Devastating FBI testimony from the unlikely source of a forensic accountant, predicated on documenting interactions between Brown and those who belong to her inner circle, deflates that defense narrative.

Here are numbers.

Over $35,000 from One Door, over $11,000 from the Alexander Agency, $15,400 from CRC, and $2,000 from Friends of Corrine Brown contributed to $75,000 of personal enrichment for Corrine and Shantrel Brown from the scheme, Henderson said. The bulk of that went to Corrine, though Shantrel scored over $13,000 of the total sum.

Signed deposit slips? Enough of them from Queen Corrine that if you dropped them, it would be like a game of 52-Card Pickup. No matter how you rearranged them, however, there would be a pattern.

A collage of surveillance images – taken over years – showed Brown, over and over again, bellying up to the bank teller and turning her bank account’s frown upside down.

Brown, who checked her account balance the way her contemporaries might check sugar or blood pressure levels, had a history of checking balances multiple times in a day before that sweet cash coursed in.

An analysis of deposits versus expenditures showed that “more money left her accounts than non-cash amounts came in,” said Henderson, creating a “shortage” that would have forced her into significant overdraws.

In some months, non-cash deposits would exceed $15,000 – a number that exceeded her Congressional salary. Monthly expenditures, in some months, exceeded $25,000. And sometimes, her shortage of income would be as high as $10,000 in a given month.

Cash: the great equalizer. Over one three-month period, $24,000 of cash deposits flowed into Queen Corrine’s checking account. All of this to keep her solvent. This went on before the One Door scheme even took off.

But it accelerated after, such as in Aug. 2013, when $8,200 of One Door money kept her from an over $8,100 shortage. And in a month in 2014, where over $6,000 of One Door cash kept her afloat. And other months, besides.

It had to work like this. There was no other way. Time after time, she hazarded overdrafts.

Meanwhile, said the FBI forensic accountant, One Door never bought computers. Brown never gave money to One Door, CRC, or the Clara White Mission.

The prosecution case in one sentence: the charity wasn’t a 501C3; the charity was Corrine Brown. And Corrine delivered. To herself.

The cash dried up in January 2016, when the FBI started interviewing witnesses. From there, no more cash went in to Brown’s account.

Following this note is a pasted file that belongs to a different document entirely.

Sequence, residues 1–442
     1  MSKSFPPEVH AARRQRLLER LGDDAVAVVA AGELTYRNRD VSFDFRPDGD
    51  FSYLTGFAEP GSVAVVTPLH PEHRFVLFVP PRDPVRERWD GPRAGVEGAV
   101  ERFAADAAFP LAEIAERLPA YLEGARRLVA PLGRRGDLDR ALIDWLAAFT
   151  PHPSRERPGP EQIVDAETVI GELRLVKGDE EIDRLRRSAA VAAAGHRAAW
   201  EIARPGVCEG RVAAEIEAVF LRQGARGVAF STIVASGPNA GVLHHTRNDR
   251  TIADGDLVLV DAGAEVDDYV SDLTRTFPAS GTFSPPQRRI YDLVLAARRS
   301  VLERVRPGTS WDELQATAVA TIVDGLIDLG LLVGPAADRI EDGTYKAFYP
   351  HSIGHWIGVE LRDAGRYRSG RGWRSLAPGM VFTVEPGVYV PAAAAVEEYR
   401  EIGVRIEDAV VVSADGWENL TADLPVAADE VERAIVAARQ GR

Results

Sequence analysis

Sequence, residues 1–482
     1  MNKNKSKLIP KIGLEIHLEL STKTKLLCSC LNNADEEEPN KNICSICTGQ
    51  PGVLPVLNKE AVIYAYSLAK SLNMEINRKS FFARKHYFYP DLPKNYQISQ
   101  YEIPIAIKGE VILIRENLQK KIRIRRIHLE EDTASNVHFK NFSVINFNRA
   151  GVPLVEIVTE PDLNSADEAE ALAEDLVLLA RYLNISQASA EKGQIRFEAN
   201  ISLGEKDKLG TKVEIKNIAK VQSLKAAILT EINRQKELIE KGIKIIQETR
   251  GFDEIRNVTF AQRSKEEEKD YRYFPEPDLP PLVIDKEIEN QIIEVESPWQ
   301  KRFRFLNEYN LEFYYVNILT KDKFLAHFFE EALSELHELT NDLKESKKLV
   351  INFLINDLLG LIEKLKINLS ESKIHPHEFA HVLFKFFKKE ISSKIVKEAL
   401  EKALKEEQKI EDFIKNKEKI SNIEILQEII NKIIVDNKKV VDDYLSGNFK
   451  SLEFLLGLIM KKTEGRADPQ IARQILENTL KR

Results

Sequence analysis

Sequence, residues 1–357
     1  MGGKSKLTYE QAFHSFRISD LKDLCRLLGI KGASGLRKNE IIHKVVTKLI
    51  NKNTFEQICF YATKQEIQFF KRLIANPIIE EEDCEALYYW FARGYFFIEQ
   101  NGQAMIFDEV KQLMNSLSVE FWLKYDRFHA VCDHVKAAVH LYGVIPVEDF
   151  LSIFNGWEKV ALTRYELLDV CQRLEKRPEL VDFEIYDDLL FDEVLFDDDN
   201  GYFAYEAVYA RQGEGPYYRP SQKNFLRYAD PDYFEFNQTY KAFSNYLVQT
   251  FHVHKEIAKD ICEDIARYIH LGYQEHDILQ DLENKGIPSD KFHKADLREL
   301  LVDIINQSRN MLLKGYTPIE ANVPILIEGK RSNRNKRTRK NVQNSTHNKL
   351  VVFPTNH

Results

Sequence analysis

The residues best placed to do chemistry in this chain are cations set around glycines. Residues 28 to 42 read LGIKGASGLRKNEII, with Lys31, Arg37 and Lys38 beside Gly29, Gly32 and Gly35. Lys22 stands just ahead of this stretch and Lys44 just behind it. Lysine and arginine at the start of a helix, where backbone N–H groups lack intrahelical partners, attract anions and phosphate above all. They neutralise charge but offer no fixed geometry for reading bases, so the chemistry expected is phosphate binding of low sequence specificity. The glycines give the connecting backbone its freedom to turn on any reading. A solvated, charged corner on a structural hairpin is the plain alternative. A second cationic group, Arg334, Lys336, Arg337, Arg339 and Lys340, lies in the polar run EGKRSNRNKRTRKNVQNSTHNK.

Over 90 months, without the cash, Brown would have had an average cash shortage of $1,430 – based on a total $128,733 shortfall.

All told, $159,481 of cash deposits went into her account from Jan. 2009 to Jun. 2016. $70,000 came after the One Door account was opened, Henderson said.

While Henderson said it sometimes was “normal to have large amounts of cash deposited into your account,” the usual proximate causes weren’t found for the most part.

All of this sets up a closing day of prosecution witnesses, including Ronnie Simmons, Reggie Gaffney, and others who once were close to the Congresswoman … but never will be again.


Were Corrine Brown’s tax returns a sham? Late filings and questionable documentation were what Brown “delivered” to the IRS, year after year.

On Monday, the prosecution built its case that Brown underreported income from One Door for Education, while inflating charitable contributions.

Tuesday saw that case continue, with a deep dive into tax returns, featuring Brown’s former tax preparer, Dawn Wright, followed by testimony from Brown’s former “area director,” who helped handle Brown’s tax returns.

Wright spent much of Monday afternoon discussing anomalies in Brown’s returns from 2008 to 2011, such as an attempted $10,000 donation of “time” to the Community Rehabilitation Center by Brown, along with late-arriving letters demonstrating donations from the previous year.

Those documents were used to lower Brown’s tax liability, giving her access to tax refunds in some cases, and lower liabilities in others.

As with the charity itself, Brown needed that liquidity to keep her sprawling operation going. And she needed her network of cronies to accomplish the task.

Wright moved into 2012 through 2014’s tax returns, which completed the narrative arc set up the preceding day, including undocumented donations to cronies’ organizations.